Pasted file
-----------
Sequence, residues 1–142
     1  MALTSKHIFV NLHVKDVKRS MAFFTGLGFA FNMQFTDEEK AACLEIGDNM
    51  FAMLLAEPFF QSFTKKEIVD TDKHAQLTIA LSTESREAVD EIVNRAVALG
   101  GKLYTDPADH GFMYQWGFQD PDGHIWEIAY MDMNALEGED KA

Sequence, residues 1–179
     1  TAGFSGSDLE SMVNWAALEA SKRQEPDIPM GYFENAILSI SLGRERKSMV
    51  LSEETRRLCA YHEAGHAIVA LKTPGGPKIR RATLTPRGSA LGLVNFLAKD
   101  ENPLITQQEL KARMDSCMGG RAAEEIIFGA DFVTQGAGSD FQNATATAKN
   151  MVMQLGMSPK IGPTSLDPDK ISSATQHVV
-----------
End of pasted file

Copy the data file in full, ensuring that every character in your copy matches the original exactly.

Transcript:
Sequence, residues 1–142
     1  MALTSKHIFV NLHVKDVKRS MAFFTGLGFA FNMQFTDEEK AACLEIGDNM
    51  FAMLLAEPFF QSFTKKEIVD TDKHAQLTIA LSTESREAVD EIVNRAVALG
   101  GKLYTDPADH GFMYQWGFQD PDGHIWEIAY MDMNALEGED KA

Sequence, residues 1–179
     1  TAGFSGSDLE SMVNWAALEA SKRQEPDIPM GYFENAILSI SLGRERKSMV
    51  LSEETRRLCA YHEAGHAIVA LKTPGGPKIR RATLTPRGSA LGLVNFLAKD
   101  ENPLITQQEL KARMDSCMGG RAAEEIIFGA DFVTQGAGSD FQNATATAKN
   151  MVMQLGMSPK IGPTSLDPDK ISSATQHVV